'Iran may be spying on exiles in Sweden': agency
Published: 07 Nov 2011 10:14 GMT+01:00
Updated: 07 Nov 2011 10:14 GMT+01:00
Iran has both the ability and the inclination to keep tabs on political antagonists in Sweden, according to new guidelines issued by the Swedish Migration Board (Migrationsverket).
- Ericsson rejects claims of aiding Iran (01 Nov 11)
- Sweden raps Iran envoy over opposition arrests (02 Mar 11)
- Sweden deported man to the wrong country (17 Dec 10)
“They have both the ability and a strong interest in doing so,” Mikael Ribbenvik, legal expert at the Migration Board told news agency TT.
The Migration Board has now issued new guidelines on Iran, describing which groups are being persecuted and how the regime's surveillance of the opposition abroad should be considered when exiled Iranians' asylum claims are decided upon.
The new guidelines reflect the Migration Board's assessment, after liaising with Sweden's Security Services, Säpo, that the regime in Tehran puts “considerable resources” into mapping out the activities of those opposing the government, even if they became politically active outside of Iran.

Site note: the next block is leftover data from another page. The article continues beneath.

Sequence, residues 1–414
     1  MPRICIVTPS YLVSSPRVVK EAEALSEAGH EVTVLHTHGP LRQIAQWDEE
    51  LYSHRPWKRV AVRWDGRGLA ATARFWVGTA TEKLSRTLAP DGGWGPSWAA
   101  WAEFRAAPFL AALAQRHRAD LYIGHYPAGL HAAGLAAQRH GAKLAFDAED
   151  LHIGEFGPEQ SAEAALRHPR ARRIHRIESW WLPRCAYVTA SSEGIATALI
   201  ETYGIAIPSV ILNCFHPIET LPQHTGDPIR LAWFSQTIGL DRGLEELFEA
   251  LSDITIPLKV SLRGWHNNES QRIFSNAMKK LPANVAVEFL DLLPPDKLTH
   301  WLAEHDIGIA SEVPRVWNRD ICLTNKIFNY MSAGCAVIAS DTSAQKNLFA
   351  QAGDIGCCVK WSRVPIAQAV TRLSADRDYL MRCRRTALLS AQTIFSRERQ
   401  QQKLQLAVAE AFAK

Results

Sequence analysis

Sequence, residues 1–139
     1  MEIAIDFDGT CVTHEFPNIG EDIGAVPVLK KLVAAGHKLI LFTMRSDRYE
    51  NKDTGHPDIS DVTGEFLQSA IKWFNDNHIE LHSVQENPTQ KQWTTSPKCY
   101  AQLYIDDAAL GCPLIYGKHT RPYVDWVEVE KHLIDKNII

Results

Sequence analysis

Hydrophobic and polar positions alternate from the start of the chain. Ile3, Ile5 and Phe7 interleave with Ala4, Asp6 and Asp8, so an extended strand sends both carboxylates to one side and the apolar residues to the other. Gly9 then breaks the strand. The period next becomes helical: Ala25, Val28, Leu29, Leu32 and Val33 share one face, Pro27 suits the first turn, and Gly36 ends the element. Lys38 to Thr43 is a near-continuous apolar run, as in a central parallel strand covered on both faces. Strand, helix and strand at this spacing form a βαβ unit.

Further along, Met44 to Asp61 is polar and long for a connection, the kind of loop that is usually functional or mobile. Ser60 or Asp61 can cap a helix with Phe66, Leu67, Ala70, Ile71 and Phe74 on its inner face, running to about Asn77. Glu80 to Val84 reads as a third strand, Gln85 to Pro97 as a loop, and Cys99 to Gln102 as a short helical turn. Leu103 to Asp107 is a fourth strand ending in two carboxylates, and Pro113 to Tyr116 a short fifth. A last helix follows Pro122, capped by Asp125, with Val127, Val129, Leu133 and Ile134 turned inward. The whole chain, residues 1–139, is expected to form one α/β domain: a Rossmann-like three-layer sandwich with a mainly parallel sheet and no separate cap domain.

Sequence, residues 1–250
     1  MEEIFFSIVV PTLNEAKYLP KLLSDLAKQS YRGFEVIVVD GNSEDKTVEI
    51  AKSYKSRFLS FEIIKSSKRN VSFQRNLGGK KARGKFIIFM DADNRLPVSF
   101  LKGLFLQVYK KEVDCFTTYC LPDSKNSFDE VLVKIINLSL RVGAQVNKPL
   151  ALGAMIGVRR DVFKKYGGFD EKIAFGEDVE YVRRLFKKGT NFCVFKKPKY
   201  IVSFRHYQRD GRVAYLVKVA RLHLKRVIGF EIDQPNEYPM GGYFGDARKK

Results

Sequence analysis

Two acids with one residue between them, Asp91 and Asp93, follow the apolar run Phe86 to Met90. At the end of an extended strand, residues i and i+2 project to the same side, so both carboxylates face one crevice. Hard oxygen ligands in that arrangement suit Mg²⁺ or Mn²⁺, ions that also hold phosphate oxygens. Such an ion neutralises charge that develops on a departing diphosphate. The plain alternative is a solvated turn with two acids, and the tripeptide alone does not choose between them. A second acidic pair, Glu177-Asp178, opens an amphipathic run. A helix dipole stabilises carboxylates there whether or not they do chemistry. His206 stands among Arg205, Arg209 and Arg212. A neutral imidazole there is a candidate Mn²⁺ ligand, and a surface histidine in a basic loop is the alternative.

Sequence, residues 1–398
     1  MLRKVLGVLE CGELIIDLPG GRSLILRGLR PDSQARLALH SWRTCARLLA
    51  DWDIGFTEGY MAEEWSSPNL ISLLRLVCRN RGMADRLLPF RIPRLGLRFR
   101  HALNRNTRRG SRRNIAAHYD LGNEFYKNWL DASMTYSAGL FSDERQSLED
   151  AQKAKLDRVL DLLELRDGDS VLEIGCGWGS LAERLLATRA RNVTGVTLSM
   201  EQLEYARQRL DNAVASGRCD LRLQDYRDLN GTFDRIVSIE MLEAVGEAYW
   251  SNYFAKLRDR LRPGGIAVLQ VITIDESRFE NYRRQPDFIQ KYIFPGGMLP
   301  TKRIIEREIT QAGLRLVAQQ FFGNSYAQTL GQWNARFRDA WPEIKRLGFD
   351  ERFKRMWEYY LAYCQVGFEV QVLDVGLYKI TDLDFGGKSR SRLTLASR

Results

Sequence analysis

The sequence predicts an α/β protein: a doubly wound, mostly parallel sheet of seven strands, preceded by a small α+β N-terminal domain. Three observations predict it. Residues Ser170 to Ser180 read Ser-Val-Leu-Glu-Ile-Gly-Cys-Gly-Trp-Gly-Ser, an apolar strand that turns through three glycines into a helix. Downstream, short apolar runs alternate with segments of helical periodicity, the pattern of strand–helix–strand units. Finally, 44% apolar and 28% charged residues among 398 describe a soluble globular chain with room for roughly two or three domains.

"Things have deteriorated in Iran in recent years in the wake of the 2009 election. The regime has also shown a growing concern over witnessing several governments in the Middle East and Northern Africa fall,” said Ribbenvik.
The hard line shown by Iran has meant that more refugees have been granted asylum in Sweden.
However, the Migration Board has been under fire after refusing to grant asylum to an Iranian man in September, despite the fact that he has been openly politically active while in Sweden.
According to the court, his activity had been on too low a level and the court never considered whether his activities could be known to the Iranian government.
The new guidelines from the Migration Board will replace information issued as late as July, which were never considered in the case of the politically active Iranian asylum seeker.
According to the agency, the court instead based its decision on British intelligence on Iran from last year.
What the new guidelines on the one hand, and the court's decision on the other, will mean for asylum seekers from Iran, Ribbenvik wouldn't speculate.
“In many cases, the information we have about the country is crucial in these matters. However, it isn't possible to anticipate these cases in advance or say who will get to stay and who won't, or if there will be more allowed to stay or less,” he said.
Attempts by The Local to reach the Iranian embassy in Stockholm for comment on Monday were unsuccessful.